%I
%S 6,8,9,10,11,12,12,14,15,15,16,16,17,17,18,19,19,20,21,21,22,22,23,23,
%T 23,24,24,24,25,26,27,27,28,29,29,30,30,30,30,30,30,31,31,32,32,32,33,
%U 34,34,34,34,34,35,35,36,36,37,37,37,38,38,39,39,39,40,40
%N Number of primes <= Im(rho_n), where rho_n is the nth nontrivial zero of Riemann zeta function.
%C The zeros 2, 4, 6, ... of the Riemann zeta function are considered trivial. The nontrivial zeros are in the "critical strip" 0 < Re(rho_n) < 1. All of the known nontrivial zeros have real part 1/2. In this sequence, we count the prime numbers less than or equal to the imaginary part of these nontrivial zeros.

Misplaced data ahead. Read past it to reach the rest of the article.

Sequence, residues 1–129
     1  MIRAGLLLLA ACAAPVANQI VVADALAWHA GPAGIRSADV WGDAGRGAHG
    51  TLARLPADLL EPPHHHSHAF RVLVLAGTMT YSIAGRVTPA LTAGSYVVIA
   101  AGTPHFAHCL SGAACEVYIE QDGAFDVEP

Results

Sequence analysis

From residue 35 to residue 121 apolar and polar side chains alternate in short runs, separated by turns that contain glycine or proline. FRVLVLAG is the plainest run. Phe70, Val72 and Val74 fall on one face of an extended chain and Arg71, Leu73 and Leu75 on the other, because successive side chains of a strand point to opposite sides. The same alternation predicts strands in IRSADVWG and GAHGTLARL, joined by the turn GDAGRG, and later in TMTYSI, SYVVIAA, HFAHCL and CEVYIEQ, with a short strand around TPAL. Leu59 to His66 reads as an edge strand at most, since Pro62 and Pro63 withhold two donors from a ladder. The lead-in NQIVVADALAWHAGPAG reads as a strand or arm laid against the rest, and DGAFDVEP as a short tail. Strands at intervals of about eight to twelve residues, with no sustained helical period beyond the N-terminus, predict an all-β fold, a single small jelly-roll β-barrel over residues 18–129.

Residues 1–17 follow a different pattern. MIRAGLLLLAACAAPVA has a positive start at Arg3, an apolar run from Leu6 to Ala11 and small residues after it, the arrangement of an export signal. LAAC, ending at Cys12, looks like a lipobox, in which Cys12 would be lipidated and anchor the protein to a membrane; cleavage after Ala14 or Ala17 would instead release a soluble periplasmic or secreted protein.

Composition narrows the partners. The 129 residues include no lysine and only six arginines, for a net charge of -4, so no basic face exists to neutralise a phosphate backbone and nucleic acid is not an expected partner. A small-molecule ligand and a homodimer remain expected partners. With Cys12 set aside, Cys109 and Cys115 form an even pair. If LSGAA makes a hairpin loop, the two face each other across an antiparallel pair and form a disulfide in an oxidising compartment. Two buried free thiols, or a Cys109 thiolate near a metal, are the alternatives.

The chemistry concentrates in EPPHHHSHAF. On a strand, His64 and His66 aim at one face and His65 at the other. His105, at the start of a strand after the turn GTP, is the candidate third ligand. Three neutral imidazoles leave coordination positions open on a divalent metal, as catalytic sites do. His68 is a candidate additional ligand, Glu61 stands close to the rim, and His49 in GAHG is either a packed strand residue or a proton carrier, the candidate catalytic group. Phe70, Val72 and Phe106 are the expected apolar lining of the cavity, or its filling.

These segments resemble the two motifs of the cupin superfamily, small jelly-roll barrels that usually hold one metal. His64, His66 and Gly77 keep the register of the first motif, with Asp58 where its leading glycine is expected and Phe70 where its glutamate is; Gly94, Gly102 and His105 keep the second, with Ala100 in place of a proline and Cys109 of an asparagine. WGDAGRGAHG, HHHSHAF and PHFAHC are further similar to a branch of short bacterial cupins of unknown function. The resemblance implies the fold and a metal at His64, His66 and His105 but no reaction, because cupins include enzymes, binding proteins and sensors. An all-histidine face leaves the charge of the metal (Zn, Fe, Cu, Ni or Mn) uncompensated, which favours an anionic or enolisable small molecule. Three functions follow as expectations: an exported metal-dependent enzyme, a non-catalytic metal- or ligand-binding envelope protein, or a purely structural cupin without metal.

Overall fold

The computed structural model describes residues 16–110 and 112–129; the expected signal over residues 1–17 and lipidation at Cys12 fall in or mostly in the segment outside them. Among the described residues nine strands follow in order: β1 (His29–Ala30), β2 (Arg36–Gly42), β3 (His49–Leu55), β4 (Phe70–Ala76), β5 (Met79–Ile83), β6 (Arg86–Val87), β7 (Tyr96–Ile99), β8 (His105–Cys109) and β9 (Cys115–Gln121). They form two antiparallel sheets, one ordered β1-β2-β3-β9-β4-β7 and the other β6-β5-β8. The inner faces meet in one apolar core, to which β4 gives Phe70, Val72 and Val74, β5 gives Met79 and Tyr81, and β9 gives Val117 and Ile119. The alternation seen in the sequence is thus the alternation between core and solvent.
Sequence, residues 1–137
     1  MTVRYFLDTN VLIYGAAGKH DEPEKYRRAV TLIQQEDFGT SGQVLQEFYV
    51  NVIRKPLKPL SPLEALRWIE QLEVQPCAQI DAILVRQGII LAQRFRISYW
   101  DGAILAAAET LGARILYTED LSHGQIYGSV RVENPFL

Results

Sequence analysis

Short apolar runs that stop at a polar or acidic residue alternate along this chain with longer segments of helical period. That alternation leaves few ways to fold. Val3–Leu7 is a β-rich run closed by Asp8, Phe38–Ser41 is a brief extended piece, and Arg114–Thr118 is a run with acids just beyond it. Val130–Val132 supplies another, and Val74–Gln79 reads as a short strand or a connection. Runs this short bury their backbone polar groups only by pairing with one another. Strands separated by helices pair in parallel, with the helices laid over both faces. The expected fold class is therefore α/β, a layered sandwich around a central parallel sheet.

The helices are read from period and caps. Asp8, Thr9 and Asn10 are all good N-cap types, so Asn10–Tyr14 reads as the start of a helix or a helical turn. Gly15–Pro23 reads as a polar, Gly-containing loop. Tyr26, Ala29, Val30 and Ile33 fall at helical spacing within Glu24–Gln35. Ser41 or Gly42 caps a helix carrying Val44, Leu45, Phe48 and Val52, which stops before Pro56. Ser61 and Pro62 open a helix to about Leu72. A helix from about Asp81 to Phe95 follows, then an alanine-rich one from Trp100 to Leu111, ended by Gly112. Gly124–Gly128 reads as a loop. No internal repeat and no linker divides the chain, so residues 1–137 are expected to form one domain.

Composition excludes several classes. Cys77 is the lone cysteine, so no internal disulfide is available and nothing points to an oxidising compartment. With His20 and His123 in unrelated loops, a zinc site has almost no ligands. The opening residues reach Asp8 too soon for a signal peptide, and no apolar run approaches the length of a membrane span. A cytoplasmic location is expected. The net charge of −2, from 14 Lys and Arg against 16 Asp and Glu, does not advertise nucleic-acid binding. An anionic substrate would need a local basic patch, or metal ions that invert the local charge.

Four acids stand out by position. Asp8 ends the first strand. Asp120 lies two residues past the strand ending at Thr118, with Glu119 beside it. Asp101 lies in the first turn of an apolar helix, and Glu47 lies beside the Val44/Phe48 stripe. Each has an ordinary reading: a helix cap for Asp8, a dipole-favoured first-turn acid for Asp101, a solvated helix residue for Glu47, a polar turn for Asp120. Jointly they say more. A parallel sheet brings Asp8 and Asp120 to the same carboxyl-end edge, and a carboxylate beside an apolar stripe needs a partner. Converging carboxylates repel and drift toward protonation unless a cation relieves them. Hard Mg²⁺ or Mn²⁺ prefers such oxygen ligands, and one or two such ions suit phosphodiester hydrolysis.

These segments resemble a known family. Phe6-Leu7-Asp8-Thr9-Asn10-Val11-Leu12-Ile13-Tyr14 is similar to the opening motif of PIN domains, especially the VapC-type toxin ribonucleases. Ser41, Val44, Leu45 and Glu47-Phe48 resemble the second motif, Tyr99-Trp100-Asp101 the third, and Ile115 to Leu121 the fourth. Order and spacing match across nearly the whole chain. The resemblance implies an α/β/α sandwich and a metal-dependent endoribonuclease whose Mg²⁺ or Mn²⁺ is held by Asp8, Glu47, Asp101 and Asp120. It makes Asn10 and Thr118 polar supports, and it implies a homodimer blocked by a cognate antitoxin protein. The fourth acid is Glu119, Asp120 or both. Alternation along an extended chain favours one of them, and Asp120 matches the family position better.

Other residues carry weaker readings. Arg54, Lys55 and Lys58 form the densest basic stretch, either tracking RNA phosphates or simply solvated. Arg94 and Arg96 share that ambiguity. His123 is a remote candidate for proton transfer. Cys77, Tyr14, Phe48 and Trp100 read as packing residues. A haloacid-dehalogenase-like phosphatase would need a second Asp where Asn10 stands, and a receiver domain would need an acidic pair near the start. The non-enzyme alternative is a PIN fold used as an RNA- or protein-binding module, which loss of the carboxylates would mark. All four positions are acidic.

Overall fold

%C The Riemann hypothesis (currently unproven) states that all of the nontrivial zeros have real part 1/2.
%H A. Odlyzko, <a href="http://www.dtc.umn.edu/~odlyzko/zeta_tables">Tables of zeros of the Riemann zeta function</a>
%H <a href="/index/Z#zeta_function">Index entries for zeta function</a>
%e a(8) = 12 because the 8th nontrivial zero of Riemann zeta function is 0.5 + (40.91...)i and there are 12 primes less than or equal to 40.91...; they are 2, 3, 5, 7, 11, 13, 17, 19, 23, 29, 31, and 37.
%t f[n_] := PrimePi@ Im@ ZetaZero@ n; Array[f, 70] (* _Robert G. Wilson v_, Jan 27 2015 *)
%Y Cf. A000720, A002410, A161914, A208436.
%K nonn
%O 1,1
%A _Omar E. Pol_, Feb 03 2013